|Publication number||US3326972 A|
|Publication date||Jun 20, 1967|
|Filing date||May 21, 1963|
|Priority date||May 26, 1962|
|Also published as||DE1226567B|
|Publication number||US 3326972 A, US 3326972A, US-A-3326972, US3326972 A, US3326972A|
|Inventors||Schiller Georg, Nienburg Hans, Schenk Walter|
|Original Assignee||Basf Ag|
|Export Citation||BiBTeX, EndNote, RefMan|
|Patent Citations (4), Referenced by (17), Classifications (4)|
|External Links: USPTO, USPTO Assignment, Espacenet|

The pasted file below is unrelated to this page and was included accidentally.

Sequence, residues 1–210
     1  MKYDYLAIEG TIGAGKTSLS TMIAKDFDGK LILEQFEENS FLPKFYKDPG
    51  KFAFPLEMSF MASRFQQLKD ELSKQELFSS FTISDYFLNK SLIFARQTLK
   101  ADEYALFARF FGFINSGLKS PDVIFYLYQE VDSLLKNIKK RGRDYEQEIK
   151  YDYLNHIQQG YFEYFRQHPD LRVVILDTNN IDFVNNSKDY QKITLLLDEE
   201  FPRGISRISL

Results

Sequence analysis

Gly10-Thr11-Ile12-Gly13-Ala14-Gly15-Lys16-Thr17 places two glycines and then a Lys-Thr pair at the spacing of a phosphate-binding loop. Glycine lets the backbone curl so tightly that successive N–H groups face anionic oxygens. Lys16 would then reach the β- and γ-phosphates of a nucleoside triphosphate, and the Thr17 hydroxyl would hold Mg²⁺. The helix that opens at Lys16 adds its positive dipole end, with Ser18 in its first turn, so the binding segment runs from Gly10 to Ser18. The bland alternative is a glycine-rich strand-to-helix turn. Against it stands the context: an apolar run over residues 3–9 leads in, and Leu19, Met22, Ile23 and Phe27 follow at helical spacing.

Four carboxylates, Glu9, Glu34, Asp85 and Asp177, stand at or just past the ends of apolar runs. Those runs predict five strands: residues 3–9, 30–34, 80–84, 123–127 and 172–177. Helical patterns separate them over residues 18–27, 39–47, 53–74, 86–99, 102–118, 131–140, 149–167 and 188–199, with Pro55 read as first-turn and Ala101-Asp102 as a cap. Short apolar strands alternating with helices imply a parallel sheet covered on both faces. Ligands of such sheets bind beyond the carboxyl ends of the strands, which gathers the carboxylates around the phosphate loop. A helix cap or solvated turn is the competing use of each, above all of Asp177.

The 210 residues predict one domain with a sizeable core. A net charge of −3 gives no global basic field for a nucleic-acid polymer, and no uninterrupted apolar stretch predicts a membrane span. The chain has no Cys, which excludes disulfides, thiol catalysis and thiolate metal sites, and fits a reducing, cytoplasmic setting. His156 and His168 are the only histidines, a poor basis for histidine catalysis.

United States Patent 3,326,972 PREPARATION OF TRANS HEXAHYDRO TER- EPHTHALIC ACID BY HYDROGENATION OF A TEREPHTHALIC ACID SALT IN THE PRESENCE giLA CIS-HEXAHYDRO TEREPHTHALIC ACID T Waiter Schenk, Bad Duerkheim, Georg Schiller, Mannheim, and Hans Nienburg, Ludwigshafen (Rhine), Germany, assignors to Badische Anilin- & Soda-Fabrik Aktiengesellschaft, Ludwigshafen (Rhine), Germany No Drawing. Filed May 21, 1963, Ser. No. 282,133 Claims priority, application Germany, May 26, 1962, B 67,424 3 Claims. (Cl. 260-514) This invention relates to the hydrogenation of salts of phthalic acids to hexahydrophthalic acids and more specifically to a process by which the cis-trans isomer behavior of hexahydrophthalic acids may be influenced.